by Bishop R. Wilson
For New Pittsburgh Courier

There is a generally believed myth that suburban school districts are not doing enough to educate their students on African-American history. As an employee of Chartiers Valley School District, an African-American male who proudly serves as the prelate of Nova Scotia jurisdiction of the Church of God in Christ—who in his own right works hard to share significant pieces of Black history—I am godly proud of a school district that teaches Black history, as well as the history of other cultures, throughout the year.


I’ve seen third grade teacher Corey Nixon’s class going throughout the building, singing “Keep Your Eyes on the Prize.” When I saw and heard it—students of all races singing such a historical song that kept African-Americans encouraged during the Civil Rights Era—it brought a tear to my eye. I’ve also witnessed fourth grade teacher Curt Cairns’ class recite the great Rev. Dr. Martin Luther King Jr.’s “I Have a Dream” speech and be challenged to expand their own dreams.

Chartiers Valley Intermediate School recently put a wonderful display for Black History Month with a wax museum. Four third grade classes researched famous African-Americans and completed multidisciplinary assignments on their selections. For the wax museum, students dressed as their honoree and shared high points of their lives with parents, relatives and friends attending the event. The number and diversity of the honorees was massive. From, President of the United States Barack Obama and First Lady Michelle Obama to Arreanna Hendricks, the first African-American nurse, the event was nothing short of impressive.

Other honorees included Garrett Morgan, inventor of the traffic light; baseball stars Jackie Robinson, Henry Aaron, Josh Gibson and Roberto Clemente; Joe Louis; Bessie Coleman; Coretta Scott King; Condolezza Rice; George Washington Carver; George Crum, inventor of the potato chip; and the list goes on.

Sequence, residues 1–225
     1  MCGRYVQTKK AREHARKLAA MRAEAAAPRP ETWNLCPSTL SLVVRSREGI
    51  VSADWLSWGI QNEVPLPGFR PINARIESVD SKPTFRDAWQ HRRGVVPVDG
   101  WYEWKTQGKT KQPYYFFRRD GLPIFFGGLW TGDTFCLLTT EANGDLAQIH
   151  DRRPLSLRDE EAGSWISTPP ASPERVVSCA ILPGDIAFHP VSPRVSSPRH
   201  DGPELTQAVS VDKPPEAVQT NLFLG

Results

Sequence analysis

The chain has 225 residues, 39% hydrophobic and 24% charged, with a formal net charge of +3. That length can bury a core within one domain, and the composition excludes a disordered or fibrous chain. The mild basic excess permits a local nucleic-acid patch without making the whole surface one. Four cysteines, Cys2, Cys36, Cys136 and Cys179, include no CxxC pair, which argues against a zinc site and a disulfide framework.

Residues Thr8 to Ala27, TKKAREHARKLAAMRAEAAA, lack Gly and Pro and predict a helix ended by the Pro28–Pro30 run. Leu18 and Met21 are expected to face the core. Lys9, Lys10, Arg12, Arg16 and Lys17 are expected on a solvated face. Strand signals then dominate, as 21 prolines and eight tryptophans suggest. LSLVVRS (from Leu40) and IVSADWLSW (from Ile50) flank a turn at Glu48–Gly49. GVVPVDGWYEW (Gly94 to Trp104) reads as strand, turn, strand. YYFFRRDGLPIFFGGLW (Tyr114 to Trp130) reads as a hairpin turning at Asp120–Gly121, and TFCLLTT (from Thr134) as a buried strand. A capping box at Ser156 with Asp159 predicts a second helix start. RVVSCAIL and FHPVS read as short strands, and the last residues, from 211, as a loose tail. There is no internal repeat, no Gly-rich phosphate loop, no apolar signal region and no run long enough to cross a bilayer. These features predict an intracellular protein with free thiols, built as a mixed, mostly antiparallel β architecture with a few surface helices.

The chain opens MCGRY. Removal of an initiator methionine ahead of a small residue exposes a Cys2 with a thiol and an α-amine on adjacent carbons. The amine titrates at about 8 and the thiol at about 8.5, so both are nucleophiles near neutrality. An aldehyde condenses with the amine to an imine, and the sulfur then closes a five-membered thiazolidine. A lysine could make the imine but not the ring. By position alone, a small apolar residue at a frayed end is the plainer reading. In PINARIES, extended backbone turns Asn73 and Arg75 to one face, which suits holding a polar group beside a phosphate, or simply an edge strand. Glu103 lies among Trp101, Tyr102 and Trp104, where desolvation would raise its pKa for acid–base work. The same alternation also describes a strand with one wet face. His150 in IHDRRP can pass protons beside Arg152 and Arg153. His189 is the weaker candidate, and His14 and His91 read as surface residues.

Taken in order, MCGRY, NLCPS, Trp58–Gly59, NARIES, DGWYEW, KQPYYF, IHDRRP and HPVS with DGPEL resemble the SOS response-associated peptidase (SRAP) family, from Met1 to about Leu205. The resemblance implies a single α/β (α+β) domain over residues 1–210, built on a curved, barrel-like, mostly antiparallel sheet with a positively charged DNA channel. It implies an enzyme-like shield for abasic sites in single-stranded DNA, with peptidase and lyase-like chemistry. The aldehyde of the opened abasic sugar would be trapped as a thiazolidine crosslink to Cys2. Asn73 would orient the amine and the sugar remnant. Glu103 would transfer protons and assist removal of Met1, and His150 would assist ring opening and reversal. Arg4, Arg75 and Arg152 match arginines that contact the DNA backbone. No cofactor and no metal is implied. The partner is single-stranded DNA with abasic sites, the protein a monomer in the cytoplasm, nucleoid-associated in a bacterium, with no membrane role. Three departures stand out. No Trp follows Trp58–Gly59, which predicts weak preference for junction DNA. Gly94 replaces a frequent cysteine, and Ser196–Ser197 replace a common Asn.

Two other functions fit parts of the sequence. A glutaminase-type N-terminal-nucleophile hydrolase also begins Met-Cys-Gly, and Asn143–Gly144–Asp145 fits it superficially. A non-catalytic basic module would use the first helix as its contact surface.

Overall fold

The event was well attended by the parents of the students. Arthur Williams, who is a world class body builder, came to see his daughter Sidney honor athlete Florence Griffith-Joyner. He stated that he learned a lot about the accomplishments of African-Americans he hadn’t known about before.

Margo Carter’s daughter, Simmone, honored Anna and Elizabeth Delaney, graduates of Columbia University and the first African-American female doctors. The Delaney sisters’ story was made into a movie called, “Having Our Say.” Carter stated, “The wax museum is awesome and a great way of learning African-American history.”

I appreciate Brian J. White superintendent of schools, who has championed the cause of cultural diversity within the Chartiers Valley School District. I believe he is trying to make a greater impact with teachers by using various educational methods that include the teaching of cultural diversity and the minority perspective. It is my opinion that the myth of African-American history and cultural diversity of inclusion not being taught in suburban school districts is totally untrue.

The district advocates and promotes Black history in a way that many predominately African-American school districts don’t.

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